Companies do this for various reasons. Sometimes it's simply an unhealthy focus on being certified: the comms and PR culture runs dangerously deep even for the most honest of brands. But, mostly, it's just muscle memory: this is how new things are always managed within companies - as a project. The idea of shifting an organisation's mindset is neither familiar territory nor instinctively resourced.

In our experience, this is probably the mistake most B Corps regret. Douglas Lamont (CEO, Innocent Drinks) often talks about this in keynotes on B Corps, for example.

The Worldview We Need Goes Beyond The B Corp Remit

Whilst B Corp is not a sustainability assessment - it covers a whole host of additional issues - it does not touch on a range of changes companies also need to undertake.

You can become a B Corp but still maintain a worldview we're leaving behind.

What is this new worldview we need? The context of recent centuries gave us the perspective of the world as a machine. And so, naturally, our workplaces followed suit. But today we have a new context; one that sees the world not as a machine but as a living system. This is the world that elevates the role of philosophy, the study and application of nature's geometry, a concern over organisational soul, radically distributed decision making etc. It is a wold that is organic, emergent, connected and interdependent. B Corp is good at the interdependent bit but it won't necessarily help you become the others.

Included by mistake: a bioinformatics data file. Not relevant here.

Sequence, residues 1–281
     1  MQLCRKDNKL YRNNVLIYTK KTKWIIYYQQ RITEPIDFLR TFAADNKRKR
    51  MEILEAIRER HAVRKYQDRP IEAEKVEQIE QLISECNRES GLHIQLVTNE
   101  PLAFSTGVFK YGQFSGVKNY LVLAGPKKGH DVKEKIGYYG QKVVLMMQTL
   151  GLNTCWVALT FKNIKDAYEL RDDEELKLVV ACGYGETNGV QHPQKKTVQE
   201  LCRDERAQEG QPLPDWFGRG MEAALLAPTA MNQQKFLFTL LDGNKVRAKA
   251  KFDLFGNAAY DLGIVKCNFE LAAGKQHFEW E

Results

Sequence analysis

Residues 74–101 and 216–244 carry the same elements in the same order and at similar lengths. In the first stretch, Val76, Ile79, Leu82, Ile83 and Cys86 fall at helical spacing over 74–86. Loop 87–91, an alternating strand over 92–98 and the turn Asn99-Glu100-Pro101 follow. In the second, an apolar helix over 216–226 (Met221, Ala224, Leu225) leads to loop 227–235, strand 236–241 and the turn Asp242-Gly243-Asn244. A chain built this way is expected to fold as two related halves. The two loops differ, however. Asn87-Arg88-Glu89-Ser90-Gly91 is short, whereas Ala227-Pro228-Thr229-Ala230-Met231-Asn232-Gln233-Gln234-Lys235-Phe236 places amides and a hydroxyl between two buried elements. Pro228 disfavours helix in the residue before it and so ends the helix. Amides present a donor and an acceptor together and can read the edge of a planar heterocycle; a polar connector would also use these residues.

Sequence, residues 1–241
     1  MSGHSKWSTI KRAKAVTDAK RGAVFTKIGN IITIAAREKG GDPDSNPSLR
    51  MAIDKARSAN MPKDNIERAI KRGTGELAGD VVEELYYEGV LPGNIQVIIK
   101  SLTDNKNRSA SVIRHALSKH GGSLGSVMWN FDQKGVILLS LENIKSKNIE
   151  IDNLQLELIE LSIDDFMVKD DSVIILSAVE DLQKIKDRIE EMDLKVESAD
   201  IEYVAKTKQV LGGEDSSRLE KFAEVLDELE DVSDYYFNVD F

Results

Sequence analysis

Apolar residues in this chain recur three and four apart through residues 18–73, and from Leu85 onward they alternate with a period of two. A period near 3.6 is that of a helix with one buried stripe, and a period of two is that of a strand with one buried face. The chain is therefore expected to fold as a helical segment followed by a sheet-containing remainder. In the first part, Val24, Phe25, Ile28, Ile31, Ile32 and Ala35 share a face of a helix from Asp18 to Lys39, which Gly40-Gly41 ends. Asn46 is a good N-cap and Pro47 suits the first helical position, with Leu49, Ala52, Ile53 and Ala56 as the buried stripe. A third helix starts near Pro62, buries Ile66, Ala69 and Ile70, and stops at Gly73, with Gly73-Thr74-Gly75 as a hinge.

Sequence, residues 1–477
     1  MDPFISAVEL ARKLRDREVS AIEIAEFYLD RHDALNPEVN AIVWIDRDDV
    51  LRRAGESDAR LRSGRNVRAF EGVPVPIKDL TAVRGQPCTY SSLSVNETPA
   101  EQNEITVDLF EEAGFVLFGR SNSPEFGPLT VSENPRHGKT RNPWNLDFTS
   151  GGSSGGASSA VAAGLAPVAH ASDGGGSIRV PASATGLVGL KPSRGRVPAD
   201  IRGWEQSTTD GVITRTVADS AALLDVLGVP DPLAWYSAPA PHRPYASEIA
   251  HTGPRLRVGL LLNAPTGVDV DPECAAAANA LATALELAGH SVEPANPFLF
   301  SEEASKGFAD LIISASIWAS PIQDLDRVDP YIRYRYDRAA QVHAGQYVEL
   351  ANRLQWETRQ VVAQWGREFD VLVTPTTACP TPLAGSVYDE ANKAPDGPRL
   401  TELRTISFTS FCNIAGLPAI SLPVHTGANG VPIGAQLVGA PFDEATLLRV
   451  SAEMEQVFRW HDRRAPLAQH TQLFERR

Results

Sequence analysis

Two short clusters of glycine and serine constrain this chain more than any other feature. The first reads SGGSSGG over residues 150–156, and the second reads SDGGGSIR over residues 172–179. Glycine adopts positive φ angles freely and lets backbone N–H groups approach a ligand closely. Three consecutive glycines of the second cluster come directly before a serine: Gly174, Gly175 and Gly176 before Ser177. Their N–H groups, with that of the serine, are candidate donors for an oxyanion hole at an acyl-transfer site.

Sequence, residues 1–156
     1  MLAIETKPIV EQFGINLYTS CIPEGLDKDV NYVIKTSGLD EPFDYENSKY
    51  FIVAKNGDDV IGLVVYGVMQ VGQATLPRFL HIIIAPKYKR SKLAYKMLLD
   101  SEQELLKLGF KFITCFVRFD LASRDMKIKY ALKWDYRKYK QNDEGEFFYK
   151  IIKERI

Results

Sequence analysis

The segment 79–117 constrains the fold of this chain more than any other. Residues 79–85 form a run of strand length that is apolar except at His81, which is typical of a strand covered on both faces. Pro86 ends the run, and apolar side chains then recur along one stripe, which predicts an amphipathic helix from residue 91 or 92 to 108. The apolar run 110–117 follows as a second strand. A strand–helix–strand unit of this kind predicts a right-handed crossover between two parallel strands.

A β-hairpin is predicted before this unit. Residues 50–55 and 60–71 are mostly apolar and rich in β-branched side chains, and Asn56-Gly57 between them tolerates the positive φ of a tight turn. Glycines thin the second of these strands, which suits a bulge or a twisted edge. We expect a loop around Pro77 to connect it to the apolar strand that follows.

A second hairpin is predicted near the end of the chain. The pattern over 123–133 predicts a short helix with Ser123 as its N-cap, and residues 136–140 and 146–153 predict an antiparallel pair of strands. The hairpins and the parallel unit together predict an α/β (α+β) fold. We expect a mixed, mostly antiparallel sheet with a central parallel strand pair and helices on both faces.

Reimagining yourself as tomorrow's company is to make cultural changes beyond the scope of the BIA.

So, why do it then?

The Problem Is More Your Methodology Than The Assessment

Much of the above is about methodology you use to approach B Corp, as opposed to nature of the assessment itself. Using a forward thinking methodology that engages the heart and soul of an organisation will bring much of the additional thinking you require.

It's A Big Step Forward

B Corp is an excellent way to make huge strides in the right direction without undermining the other work required.

It's As Much Change As Most Can Cope With

Whilst the worldview shift is going to be required of organisations, in many cases becoming a B Corp is about as much change as they can cope with in a short period of time.

World Class Framework

B Corp is a world class framework for good reason. It is well thought through, thorough and hugely helpful. The breadth of it will kick start a whole company orientation towards purposeful business.

It Lights The Touch Paper

B Corp will excite people about a new way of doing business. In our experience, it can light the touch paper on taking this effort further and deeper than they imagined they could when they started.

The Brand Is Powerful Because The Change Is Real

Implementing B Corp will make real and beneficial changes to your business. The brand has the reputation for justifiable reasons: it generates real change.

The Data Is Strong

The data on performance for B Corps is strong and growing.

It Builds A Strong Foundation

B Corp provides a strong foundation for the future. 

It Should Be Basic, Really

In reality, most of the work required to be a B Corp should be table stakes. The fact that it is seen as thorough and requires effort is more of an indictment on the status quo than it is a reflection of the scale of the assessment. It's not asking for the world; much of it is simply about being a decent human being and a good steward. We should be doing these things either way. Not just because there is a good certification out there.

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  1. John Featherby